Civil Action No. 14-671 Class Action
UNITED STATES DISTRICT COURT
DISTRICT OF COLUMBIA
AMERICAN COUNCIL OF THE BLIND, a
a District of Columbia non-profit corporation
2200 Wilson Boulevard
Arlington, VA 22201
STANLEY M. BERMAN, individually and
on behalf of all others similarly situated
8217 Cindy Lane,
Bethesda, MD 20817
Civil Action No. 14-671
and CLASS ACTION
KATHLEEN GOSSELIN, individually and
on behalf of all others similarly situated
1629 Columbia Road N.W.
Washington, D.C. 20009
JEFFREY THOM, individually and on behalf
of all others similarly situated
7414 Mooncrest Way
Sacramento, CA 95831
DANIEL M. TANGHERLINI, Administrator
of the United States General Services
Administration, in his official capacity, and
UNITED STATES GENERAL SERVICES
1800 F Street, NW
Washington, D.C. 20405
NOW COME Plaintiffs American Council of the Blind, Stanley M. Berman, Kathleen Gosselin, and Jeffrey Thom, individually and on behalf of all others similarly situated, by and through their undersigned counsel, and file this Class Action Complaint against Daniel M. Tangherlini, in his official capacity as Administrator of the United States General Services Administration, and the United States General Services Administration. Plaintiffs state as follows:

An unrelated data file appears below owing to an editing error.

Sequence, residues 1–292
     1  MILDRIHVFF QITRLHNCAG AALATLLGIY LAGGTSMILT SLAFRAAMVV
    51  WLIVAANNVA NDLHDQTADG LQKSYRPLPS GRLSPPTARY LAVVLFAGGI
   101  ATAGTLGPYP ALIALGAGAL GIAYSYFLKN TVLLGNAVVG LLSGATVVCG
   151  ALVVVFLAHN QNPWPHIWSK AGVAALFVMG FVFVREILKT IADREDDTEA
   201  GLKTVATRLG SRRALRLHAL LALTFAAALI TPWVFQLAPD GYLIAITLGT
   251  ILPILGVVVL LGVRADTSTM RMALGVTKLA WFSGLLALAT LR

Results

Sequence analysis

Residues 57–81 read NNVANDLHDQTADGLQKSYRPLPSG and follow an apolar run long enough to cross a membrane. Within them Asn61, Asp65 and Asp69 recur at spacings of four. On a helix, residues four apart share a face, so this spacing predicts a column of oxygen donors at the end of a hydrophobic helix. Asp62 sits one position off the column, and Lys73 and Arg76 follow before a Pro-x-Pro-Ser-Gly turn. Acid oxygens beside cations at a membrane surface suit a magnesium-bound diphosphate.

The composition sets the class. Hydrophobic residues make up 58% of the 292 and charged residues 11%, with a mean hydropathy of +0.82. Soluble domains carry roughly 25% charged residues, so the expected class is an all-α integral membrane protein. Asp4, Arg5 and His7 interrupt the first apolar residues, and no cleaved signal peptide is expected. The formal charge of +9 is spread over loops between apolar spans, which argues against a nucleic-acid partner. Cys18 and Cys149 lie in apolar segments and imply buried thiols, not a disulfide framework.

- The United States General Services Administration (“GSA”) is responsible for administering the federal government’s non-defense contracts and for ensuring that federal contractors comply with, among other things, Section 504 of the Rehabilitation Act of 1973 (“Section 504”), which requires that individuals with disabilities have equal access to the programs and services provided by recipients of federal funding. As part of its public contracting function, GSA also requires federal government contractors to register and annually renew their registration with GSA’s System for Award Management database via the website www.SAM.gov (“SAM.gov”). Despite GSA’s obligation to ensure that federal contractor’s programs and activities are Section 504 compliant and accessible to disabled individuals, GSA’s own website, SAM.gov, is inaccessible and does not comply with Section 504.
- SAM.gov is rife with features that act as a barrier to access for blind and visually impaired federal government contractors, preventing them from using SAM.gov on an equal basis with government contractors who are not blind or visually impaired. SAM.gov’s non-compliance with Section 504 has left certain blind and visually impaired government contractors unable to register or timely renew their government contracts. As the Department of Justice has recently noted, “an inaccessible website puts [persons with disabilities] at a great disadvantage and further perpetuates a feeling of dependence and reliance on others.”